Buy to let market shrinks 1% per year
By Chloe Cheung FTAdviser
The buy to let market has declined 1 per cent every year in the past five years and is expected to see a further shock under the lockdown measures, which could lead to a rise in rent prices, according to research.
Rental deposit replacement scheme Ome looked at the percentage of buy-to-let mortgage loans approved over the past five years as a percentage of all loans, using figures from the Financial Conduct Authority.
It found a gradual decline in the number of landlords entering the market with new stock every year since 2015, with an average annual reduction of 1 per cent.
Ome said the value of the buy-to-let market is now £35.6m, compared with £37.4m in 2015, as it predicted that a further fall in rental stock entering the market during lockdown could lead to higher rental and deposit costs for tenants.
Matthew Hooker, co-founder of Ome, said: “Through no fault of their own, agents and landlords are facing a very tough few months with some tenants unable to pay their rent and some landlords facing much longer void periods due to a drop in market activity.
“The buy to let market has already seen a notable decline in appetite following increases to stamp duty and changes to tax relief, with the number of buy to let mortgages declining steadily since 2016. It is no coincidence that rents have also climbed rapidly during this time."
Even before coronavirus the market had been impacted by rule changes, which meant landlords have been unable to deduct any of their mortgage expenses from taxable rental income from April 2020, receiving a tax credit based on 20 per cent of their mortgage interest payments instead.
An additional 3 per cent stamp duty surcharge on second homes was also introduced in April 2016.
A poll by Accumulate Capital last year found that 37 per cent of landlords were planning to sell at least one of their properties, with 61 per cent blaming increasing regulations and taxes.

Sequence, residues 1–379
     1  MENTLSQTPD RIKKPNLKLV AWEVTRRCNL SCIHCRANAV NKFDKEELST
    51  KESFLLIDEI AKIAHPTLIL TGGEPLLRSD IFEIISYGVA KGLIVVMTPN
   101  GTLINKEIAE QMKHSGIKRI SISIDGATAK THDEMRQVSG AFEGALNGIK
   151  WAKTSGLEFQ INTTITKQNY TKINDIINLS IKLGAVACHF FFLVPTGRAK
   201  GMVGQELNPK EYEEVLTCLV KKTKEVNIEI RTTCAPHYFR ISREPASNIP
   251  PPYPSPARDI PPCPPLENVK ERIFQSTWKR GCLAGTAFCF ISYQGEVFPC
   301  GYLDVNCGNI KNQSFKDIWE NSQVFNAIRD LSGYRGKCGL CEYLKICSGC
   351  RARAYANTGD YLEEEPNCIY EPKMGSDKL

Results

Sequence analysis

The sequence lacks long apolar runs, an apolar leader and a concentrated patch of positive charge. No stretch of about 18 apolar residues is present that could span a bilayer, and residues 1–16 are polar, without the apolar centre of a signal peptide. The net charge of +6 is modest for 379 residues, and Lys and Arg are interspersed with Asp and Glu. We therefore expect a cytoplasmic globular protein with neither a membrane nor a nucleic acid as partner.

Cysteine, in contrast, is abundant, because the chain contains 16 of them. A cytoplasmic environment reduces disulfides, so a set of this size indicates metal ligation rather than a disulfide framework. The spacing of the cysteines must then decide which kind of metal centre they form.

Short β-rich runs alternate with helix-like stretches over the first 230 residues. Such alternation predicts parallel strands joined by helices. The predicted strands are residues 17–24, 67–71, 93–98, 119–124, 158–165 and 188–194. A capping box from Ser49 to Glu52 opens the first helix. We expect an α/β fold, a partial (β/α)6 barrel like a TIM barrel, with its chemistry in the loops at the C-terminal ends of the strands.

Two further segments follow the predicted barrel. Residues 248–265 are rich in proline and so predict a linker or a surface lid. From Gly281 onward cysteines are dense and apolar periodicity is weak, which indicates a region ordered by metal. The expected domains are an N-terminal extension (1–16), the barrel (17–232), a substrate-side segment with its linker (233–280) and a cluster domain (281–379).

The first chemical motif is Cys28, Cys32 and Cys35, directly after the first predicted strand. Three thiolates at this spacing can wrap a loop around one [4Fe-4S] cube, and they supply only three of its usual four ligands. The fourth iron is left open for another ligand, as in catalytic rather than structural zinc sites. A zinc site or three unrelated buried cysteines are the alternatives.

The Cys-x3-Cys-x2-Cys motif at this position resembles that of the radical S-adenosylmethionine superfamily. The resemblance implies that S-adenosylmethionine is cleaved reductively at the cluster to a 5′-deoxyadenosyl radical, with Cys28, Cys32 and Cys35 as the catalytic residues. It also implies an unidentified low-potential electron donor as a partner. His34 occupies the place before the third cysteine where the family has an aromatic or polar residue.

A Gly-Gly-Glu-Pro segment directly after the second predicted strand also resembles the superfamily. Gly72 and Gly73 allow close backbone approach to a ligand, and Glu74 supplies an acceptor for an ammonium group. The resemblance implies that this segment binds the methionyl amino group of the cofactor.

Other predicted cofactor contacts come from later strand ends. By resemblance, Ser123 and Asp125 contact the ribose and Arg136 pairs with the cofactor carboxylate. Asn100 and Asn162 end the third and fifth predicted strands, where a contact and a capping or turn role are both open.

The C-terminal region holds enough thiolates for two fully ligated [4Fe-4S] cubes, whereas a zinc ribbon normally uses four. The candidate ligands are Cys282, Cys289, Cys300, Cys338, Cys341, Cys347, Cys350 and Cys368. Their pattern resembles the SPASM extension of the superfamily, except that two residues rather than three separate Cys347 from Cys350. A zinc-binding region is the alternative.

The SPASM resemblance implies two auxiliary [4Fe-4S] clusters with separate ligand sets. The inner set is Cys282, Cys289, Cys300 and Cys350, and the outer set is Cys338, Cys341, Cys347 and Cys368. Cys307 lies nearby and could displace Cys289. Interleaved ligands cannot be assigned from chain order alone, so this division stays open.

Ome said growing demand had led to average UK rent rises of 4 per cent a year since 2015, with the average rent now stood at £743 a month, compared with £627 in 2015.
It said over the past five years the cost of a rental deposit had increased at a rate of 3 per cent per year.
Ome predicted that further increases this year would see the average rent reach £776, and deposits £900, despite the introduction of a five-week deposit cap in June 2019.
Additionally, the scheme predicted that any lasting reduction in rental stock caused by the coronavirus crisis could lead to a significantly larger increase in cost for tenants in the long run.
Mr Hooker added: “As a result of these latest market developments, we could see many decide to exit the sector, or opting to refrain from a buy to let investment for the foreseeable future at least.
"This further reduction in stock would have grave implications for the nation’s tenants who have already seen the cost of renting increase due to an imbalance between demand and supply.
“The industry has already predicted an increase in rental costs due to the ban on tenant fees but with even less stock now likely to be available, this increase in rent and the upfront deposit required to secure a property could be far higher than predicted.”
Piers Mepsted, managing and compliance director at Financial Advice Centre, said: "Supply and demand will, as always, be the market barometer in determining rental sale prices.
"There is a strong consensus that landlords will need to be even more mindful of this as unemployment increases and tenants have less in their pockets each month to spend in the months to come."